The Heart of Sharjah is the oldest part of the city and such a quiet haven, you’ll often forget you’re even in a city.
The area is being restored and redeveloped so some places are under currently closed, but most are open including the beautiful hotel, Chedi al Bait. If you are not a guest, you can still visit for a coffee, to dine or relax in the spa.
There are several museums in the area – Heritage Museum, Bait al Naboodah, Calligraphy Museum and Hisn Fort. Entrance is 10 dhs each or 20 dhs for all. Whilst this usually includes Al Eslah School Museum, this is currently closed. Majlis al Naboodah is also worth a visit to learn more about Sharjah’s rich history.
Normally, the Calligraphy centre is open for classes and the Calligraphy Studio and Society open for events, but not currently due to covid-19.
Other areas to visit in the Heart of Sharjah are Souq al Arsa and the adjoining Souq al Masqoof. Here you can find antiques and artefacts as well as modern souvenirs, shawls, silk scarves, etc.
After finishing your shopping, you can enjoy traditional tea or coffee in the courtyard or head to Al Bareed for coffee, a pastry or ice cream in flavours such as konafa cheesecake.
In the opposite direction of the fort, you can find the peaceful gardens and children’s play area as well as the Arts Centre where you can sign up for classes and nearby the Iranian Mosque.
If you are still hungry for more, take a walk along the corniche dotted with dhows and head up to Souq al Shanasiya and Sharjah Arts Area. Click the links to see more. You might want to fit in a stop at the Arabian Tea House for some traditional Arabic food and drinks and to watch the world go by.
If you love art, or you just love wandering through traditional buildings, Sharjah Art Area is the place for you. Set back from Sharjah Corniche, it consists of several buildings. From the Corniche, enter Bait al Shamsi which was built in 1845 and was most recently the home of Obaid Al Shamsi. It was renovated in 1997 and has since also been known as The Hall of Arts. Of the many rooms off the courtyard, 13 have been designated as studios and contemporary artists from around the world are invited to exhibit their work there. In the evening, artists gather there to discuss their work.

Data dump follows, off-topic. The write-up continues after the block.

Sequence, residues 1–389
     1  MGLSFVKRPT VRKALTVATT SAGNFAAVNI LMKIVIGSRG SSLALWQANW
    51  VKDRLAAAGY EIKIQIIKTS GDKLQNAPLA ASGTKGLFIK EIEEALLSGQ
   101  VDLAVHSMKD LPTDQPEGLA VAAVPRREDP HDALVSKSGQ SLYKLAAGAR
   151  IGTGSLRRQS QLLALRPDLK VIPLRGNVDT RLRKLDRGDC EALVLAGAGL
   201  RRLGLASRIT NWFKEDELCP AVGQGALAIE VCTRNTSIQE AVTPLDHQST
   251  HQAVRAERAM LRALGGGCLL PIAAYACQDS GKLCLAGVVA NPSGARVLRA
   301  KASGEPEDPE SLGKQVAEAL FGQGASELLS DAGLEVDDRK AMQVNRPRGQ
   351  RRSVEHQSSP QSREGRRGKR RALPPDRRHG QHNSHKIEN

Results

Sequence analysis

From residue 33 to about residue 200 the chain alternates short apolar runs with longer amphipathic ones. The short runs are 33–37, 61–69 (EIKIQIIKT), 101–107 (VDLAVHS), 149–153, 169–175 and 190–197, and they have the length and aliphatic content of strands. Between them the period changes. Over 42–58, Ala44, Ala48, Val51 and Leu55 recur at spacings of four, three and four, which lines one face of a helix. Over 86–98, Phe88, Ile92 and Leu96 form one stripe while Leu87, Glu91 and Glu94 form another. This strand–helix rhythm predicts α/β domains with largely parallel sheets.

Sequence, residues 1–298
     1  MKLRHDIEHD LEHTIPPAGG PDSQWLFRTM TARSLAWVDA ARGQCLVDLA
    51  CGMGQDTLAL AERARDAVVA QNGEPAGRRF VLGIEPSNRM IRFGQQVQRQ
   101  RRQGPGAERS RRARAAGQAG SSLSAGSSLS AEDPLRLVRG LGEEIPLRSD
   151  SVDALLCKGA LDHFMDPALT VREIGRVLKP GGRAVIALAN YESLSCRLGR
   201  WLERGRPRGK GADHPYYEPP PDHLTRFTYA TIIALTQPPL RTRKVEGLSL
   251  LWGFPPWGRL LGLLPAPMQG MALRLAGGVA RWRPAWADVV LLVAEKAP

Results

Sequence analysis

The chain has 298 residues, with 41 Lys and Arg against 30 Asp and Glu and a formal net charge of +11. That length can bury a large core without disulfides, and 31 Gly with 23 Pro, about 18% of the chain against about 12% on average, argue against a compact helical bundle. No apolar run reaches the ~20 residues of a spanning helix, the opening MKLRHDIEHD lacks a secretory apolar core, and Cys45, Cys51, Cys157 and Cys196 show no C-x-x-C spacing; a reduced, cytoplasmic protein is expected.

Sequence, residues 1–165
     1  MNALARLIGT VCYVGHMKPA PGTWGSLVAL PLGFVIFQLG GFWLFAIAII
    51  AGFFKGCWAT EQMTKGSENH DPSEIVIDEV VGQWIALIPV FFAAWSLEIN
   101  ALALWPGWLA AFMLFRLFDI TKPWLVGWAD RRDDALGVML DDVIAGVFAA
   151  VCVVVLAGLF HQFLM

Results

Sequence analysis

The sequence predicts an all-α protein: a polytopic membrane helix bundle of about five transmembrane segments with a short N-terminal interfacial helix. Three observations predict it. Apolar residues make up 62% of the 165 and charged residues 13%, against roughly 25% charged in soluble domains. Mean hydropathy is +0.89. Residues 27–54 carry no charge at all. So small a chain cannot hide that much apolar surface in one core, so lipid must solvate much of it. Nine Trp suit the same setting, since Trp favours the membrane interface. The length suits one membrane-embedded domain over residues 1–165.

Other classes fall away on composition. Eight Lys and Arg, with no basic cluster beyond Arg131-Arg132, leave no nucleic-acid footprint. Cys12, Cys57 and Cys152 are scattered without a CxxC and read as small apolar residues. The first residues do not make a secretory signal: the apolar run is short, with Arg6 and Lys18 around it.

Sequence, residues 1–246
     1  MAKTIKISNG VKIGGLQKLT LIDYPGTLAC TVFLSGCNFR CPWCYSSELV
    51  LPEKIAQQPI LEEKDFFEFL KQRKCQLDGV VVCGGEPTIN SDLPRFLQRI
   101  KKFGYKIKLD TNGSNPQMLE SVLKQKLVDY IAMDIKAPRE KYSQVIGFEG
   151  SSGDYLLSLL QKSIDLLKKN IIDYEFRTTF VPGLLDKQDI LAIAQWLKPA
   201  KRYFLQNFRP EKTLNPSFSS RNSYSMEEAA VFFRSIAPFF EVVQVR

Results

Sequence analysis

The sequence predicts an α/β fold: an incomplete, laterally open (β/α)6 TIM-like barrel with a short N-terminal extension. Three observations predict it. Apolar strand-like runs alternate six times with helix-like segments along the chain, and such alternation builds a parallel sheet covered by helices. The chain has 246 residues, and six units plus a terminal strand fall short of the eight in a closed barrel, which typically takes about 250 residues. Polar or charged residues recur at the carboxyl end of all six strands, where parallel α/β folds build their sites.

Next walk through the side entrance past the Emirates Fine Arts Society and you will come to Sharjah Art Museum which hosts temporary exhibitions. At the time of writing, Sharjah Islamic Arts Festival was underway. A few of the exhibits can be seen below. The Museum also has a library, a cafe and a small shop.
Opposite the Art Museum and next to Sharjah Art Foundation office is Bait al Serkal, home to another gallery. The building itself was built in the 19th century and was originally the home of the British Commissioner and in the 1960s it served as the first hospital in Sharjah. It was restored between 1993 and 1995.
Alongside art exhibitions, Sharjah Art Foundation also organise film festivals, film screenings, music and performance programmes, residency programmes for artists, opportunities for interns and volunteers to gain experience. They also offer workshops and events for the general public such as ceramics, painting and drawing, sculpting, engraving and printing and mural painting. The workshops are free and aimed at adults, children, families and families with disabilities and take place on Saturdays whilst the courses cost around 500 dhs and run weekdays with morning and evening options.
Sharjah Art Foundation runs activities across the emirate including the central and eastern regions. It’s definitely one of Sharjah’s many cultural activities not to be missed.